Variation by disability in state predictors of Medicaid 1915c waiver use and expenditures.
ABSTRACT States are increasingly using the Medicaid 1915c waiver program to provide community-based long-term care. A substantially greater share of long-term-care dollars supports community-based care for individuals with intellectual and developmental disabilities, relative to older and working-age persons with primarily physical disabilities.
We used state-level data for the period from 1992 to 2001 to estimate fixed-effects panel models. We compared state predictors of waiver utilization and expenditures for waivers serving both older and working-age individuals (O/WAIs) relative to waivers serving individuals with intellectual and developmental disabilities (IDDs).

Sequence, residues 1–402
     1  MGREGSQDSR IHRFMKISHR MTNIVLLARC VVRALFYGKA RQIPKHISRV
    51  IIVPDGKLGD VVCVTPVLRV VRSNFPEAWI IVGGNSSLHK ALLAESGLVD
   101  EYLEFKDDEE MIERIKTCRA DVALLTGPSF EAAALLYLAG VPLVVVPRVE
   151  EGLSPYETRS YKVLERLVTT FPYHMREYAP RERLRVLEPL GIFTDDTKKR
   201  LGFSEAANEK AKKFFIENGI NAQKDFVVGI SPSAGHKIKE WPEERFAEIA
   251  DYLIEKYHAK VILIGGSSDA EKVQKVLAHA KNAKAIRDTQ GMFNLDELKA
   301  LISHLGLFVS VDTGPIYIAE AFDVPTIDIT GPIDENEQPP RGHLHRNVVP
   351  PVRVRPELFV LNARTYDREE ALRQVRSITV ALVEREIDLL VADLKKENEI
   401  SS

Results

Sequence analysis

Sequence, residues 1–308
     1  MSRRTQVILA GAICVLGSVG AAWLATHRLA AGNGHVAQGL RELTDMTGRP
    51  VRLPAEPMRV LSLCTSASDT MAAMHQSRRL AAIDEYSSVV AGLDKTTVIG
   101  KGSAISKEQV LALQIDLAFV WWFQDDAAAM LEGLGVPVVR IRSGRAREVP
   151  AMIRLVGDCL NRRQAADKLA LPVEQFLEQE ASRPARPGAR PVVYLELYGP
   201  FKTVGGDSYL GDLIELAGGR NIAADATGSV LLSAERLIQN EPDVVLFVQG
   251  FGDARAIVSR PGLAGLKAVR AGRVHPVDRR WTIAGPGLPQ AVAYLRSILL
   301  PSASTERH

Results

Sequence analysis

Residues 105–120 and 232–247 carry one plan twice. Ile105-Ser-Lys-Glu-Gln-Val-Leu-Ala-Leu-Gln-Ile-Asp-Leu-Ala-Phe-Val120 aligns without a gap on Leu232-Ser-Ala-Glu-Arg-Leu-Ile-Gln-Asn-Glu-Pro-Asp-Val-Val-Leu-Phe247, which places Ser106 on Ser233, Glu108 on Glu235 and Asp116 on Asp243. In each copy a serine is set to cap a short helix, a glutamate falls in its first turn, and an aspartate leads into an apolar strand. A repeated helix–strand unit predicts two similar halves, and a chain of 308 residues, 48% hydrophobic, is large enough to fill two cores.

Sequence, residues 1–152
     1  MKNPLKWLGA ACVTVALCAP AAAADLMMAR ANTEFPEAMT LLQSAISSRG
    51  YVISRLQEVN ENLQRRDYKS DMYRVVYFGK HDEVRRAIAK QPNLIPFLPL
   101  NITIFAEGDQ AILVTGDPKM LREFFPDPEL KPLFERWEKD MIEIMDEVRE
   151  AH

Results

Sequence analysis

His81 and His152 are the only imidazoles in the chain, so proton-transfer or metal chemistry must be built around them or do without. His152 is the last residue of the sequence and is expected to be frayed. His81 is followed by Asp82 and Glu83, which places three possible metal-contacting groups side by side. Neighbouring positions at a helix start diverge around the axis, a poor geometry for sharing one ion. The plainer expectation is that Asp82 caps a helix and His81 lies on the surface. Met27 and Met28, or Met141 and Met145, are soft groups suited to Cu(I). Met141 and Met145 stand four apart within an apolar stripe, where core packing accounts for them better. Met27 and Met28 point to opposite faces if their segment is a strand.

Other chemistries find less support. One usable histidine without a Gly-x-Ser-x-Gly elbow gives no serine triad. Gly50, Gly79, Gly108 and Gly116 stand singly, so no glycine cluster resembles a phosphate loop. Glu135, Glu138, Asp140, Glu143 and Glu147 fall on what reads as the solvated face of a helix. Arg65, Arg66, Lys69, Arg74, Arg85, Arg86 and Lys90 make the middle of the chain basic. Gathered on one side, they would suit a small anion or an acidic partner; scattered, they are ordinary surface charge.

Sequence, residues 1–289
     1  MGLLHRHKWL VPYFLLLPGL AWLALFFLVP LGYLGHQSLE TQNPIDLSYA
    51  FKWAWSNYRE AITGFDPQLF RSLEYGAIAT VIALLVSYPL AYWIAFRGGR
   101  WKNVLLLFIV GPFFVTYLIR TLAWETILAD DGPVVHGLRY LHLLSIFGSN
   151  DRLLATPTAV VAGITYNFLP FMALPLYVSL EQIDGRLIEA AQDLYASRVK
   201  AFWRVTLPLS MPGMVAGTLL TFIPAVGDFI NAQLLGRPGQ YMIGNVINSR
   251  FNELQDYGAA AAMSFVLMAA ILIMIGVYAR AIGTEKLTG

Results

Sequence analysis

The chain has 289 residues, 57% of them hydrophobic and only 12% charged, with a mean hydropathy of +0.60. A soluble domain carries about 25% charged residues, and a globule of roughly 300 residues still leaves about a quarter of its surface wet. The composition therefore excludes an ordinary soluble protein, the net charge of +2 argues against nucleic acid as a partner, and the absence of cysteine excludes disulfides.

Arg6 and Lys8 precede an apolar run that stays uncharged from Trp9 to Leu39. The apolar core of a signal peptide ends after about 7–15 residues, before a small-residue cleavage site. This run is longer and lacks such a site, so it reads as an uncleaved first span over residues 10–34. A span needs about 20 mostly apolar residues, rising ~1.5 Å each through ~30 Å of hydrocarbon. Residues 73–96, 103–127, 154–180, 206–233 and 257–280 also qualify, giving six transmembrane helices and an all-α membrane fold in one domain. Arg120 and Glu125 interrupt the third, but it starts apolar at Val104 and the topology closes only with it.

We found community-based-care capacity to predict use and expenditures for both target groups. Although regulation of institutional supply was positively related to expenditure measures for IDDs, it was not related to use or expenditures for O/WAIs. Demand variables (e.g., the size of a state's African American population) predicted use and expenditures for IDD waivers, but they were less consistent for O/WAI waivers. State resources were a robust predictor of use and expenditures for both groups.
Increased community-based-care capacity appears to be an important factor in efforts to expand the availability of Medicaid community-based care. Federal policies that address state resource issues may also spur growth in community-based long-term care.